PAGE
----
Trump claims Chinese envoy to North Korea had 'no impact' on easing tensions with Kim Jong-un

The President's claim comes on the heels of North Korea's latest missile launch

Mythili Sampathkumar
New York
Thursday 30 November 2017 14:49 GMT
A pedestrian walks in front of a television screen displaying a map of Japan and the Korean Peninsula in Tokyo on 29 November 2017, following a North Korean missile launch.
A pedestrian walks in front of a television screen displaying a map of Japan and the Korean Peninsula in Tokyo on 29 November 2017, following a North Korean missile launch. (Getty)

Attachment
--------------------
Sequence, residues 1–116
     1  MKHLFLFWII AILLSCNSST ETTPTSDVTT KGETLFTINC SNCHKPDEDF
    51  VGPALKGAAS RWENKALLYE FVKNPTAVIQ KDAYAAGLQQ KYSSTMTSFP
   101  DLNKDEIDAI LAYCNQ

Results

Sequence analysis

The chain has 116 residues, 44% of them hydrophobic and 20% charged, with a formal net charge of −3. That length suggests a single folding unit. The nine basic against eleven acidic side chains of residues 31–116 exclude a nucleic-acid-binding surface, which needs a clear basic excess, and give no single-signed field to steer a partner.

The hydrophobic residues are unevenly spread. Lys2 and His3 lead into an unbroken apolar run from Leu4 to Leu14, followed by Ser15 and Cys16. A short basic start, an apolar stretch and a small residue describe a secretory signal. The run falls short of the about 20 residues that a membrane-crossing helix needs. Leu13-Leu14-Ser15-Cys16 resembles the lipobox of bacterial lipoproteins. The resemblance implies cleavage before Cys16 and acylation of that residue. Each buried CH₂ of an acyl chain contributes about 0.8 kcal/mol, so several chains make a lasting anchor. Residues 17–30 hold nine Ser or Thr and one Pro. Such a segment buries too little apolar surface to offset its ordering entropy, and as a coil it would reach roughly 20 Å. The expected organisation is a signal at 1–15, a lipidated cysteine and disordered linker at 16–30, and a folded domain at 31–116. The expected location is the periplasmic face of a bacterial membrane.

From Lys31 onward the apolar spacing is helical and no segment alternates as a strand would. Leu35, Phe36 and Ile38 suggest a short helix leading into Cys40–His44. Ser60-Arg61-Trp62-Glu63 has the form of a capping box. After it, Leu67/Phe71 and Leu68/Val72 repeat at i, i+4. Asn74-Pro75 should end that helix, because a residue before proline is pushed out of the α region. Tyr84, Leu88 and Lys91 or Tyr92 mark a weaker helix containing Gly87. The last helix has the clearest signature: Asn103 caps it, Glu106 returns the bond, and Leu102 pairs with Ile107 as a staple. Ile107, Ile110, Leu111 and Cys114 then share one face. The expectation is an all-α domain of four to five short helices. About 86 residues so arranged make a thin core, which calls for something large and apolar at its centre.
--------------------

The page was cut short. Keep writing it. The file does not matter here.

President Donald Trump has dismissed China’s efforts to try and rein in the North Korean regime of Kim Jong-un, saying that a recent visit seemed to have “no impact” on the nuclear ambitions of Pyongyang.

The barbs come on the heels of North Korea’s latest missile launch, and a day after speaking with China’s President Xi Jinping and reiterating the need for China to use its leverage of North Korea’s largest trading partner to increase pressure on the regime.

“The Chinese envoy, who just returned from North Korea, seems to have had no impact on Little Rocket Man,” Mr Trump tweeted, referring to this nickname for Mr Kim. The insulting rhetoric, with Mr Trump having also called the North Korean leader “a sick puppy”, perhaps reflects the President’s frustration that Pyongyang was able to test-fire its most advanced ballistic missile earlier this week.